The payment of referral fees is a somewhat secretive practice whereby estate agents have traditionally received a fee from some solicitors in return for recommending them to the agent’s clients.

This has proved quite lucrative for participating conveyancers who have received a steady stream of clients who, in the heat of a house sale or purchase, are only too glad to be given the name and details of a recommended firm.

The problem, of course, is that the client has no idea about the quality of service they are going to receive or whether their conveyancing solicitor will be accessible and responsive to their needs. The only guarantee they have is that their estate agent will be quids in!

Addressing the Council for Licensed Conveyancers (CLC) annual conference in January Heather Wheeler MP, The Housing and Homelessness Minister, recognised the problems that this lack of transparency could cause consumers.

She said: “Buyers choose the house, not the estate agent. But this shouldn’t mean that they choose their conveyancer by default.”
She added: “Consumers should always know they have a choice. That’s why we’re changing the system, to ensure consumers know the amount of referral fees before they make any decision to purchase.”

In response the National Trading Standards Estate Agency Team has launched new industry guidance on referral fees.

The team concluded that estate agents should disclose in plain terms:

(a) The price of its services, including any “compulsory” extras; and
(b) Where a referral arrangement exists, that it exists, and with whom; and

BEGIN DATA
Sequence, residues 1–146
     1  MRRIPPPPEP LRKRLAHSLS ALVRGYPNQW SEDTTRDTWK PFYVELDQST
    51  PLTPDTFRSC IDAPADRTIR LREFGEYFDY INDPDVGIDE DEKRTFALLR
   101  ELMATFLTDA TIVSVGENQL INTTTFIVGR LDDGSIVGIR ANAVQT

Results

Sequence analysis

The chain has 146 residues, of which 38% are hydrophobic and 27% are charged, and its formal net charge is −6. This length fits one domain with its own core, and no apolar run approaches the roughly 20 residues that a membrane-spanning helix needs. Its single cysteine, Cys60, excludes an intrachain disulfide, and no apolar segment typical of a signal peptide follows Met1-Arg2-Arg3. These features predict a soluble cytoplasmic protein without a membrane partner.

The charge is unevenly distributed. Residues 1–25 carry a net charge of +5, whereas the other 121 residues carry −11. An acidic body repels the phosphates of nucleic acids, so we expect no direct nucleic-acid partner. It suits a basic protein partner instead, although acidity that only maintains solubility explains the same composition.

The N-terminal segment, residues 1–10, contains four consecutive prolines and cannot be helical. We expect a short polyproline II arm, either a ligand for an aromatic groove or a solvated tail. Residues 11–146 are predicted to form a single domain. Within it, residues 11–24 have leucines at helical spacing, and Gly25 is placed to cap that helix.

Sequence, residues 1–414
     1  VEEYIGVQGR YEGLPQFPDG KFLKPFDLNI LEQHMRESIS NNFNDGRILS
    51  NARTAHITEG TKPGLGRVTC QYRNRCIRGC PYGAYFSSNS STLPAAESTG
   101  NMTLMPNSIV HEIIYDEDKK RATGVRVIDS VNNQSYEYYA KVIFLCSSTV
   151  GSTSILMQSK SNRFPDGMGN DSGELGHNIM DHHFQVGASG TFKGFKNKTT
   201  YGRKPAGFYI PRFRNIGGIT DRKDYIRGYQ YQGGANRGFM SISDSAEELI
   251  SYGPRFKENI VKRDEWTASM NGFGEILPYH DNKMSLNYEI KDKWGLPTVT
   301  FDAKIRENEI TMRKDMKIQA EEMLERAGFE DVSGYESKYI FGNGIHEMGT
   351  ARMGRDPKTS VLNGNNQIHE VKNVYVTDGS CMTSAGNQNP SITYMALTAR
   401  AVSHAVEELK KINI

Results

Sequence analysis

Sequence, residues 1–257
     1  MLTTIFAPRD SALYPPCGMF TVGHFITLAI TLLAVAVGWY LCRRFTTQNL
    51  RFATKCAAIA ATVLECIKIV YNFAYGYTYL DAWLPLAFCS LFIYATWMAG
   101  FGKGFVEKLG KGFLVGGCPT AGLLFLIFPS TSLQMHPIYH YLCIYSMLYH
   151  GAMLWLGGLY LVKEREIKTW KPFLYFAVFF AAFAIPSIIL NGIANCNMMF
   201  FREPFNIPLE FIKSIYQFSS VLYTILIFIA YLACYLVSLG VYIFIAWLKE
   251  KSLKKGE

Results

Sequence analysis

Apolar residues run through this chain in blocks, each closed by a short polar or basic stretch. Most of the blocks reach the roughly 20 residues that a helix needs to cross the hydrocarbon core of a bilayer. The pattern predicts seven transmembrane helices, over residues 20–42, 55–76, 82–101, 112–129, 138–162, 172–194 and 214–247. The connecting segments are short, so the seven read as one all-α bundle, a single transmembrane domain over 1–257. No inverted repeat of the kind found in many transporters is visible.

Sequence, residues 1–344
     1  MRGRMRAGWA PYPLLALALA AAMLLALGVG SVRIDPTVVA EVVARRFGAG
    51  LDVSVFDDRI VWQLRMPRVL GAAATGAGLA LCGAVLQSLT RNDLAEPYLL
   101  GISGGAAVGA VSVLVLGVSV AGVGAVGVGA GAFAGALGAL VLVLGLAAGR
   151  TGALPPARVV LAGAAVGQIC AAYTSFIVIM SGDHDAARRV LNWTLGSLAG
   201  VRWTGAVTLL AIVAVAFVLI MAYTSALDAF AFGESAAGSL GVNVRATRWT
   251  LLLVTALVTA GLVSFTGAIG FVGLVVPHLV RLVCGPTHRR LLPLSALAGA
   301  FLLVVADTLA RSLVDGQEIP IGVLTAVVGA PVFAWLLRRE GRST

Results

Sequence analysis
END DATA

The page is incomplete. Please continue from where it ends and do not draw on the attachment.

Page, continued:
(c) Where a transaction-specific referral fee is to be paid, its amount; and
(d) Where a referral retainer exists, an estimate of the annual value of that retainer to the estate agent or its value per transaction; and
(e) Where the referral is rewarded other than by payment, an assessment of the annual value of the reward or the value of the reward per transaction.

Disclosure should be made in writing, to a seller as part of standard terms and conditions and to buyers by being incorporated into or annexed with the property particulars before any ancillary services are promoted. The disclosure must be made in a way which is clear, intelligible and unambiguous and have no lesser prominence in documentation than other important terms, conditions, or information.

Compliance will be monitored by National Trading Standards who will report back to ministers after a period of 12 months.
The fact is, your choice of solicitor should be just that – your choice.
The solicitor that you instruct is instrumental to the smooth running of your property transaction, so my advice would be:

  • Ask friends, family and colleagues whether there is a particular firm that they would recommend.
  • Phone a couple of firms that you’re familiar with. Don’t just confirm quotes, think about the ease of being put through to the solicitor when you phoned and whether they explained things in a friendly and clear way.
  • If you do decide to accept the estate agent’s recommendation, ask whether the agent is receiving a referral fee. At least you’ll be going in with your eyes wide open.

For advice about any property matter, call me on 01782 205000 or email emma.millington@beswicks.com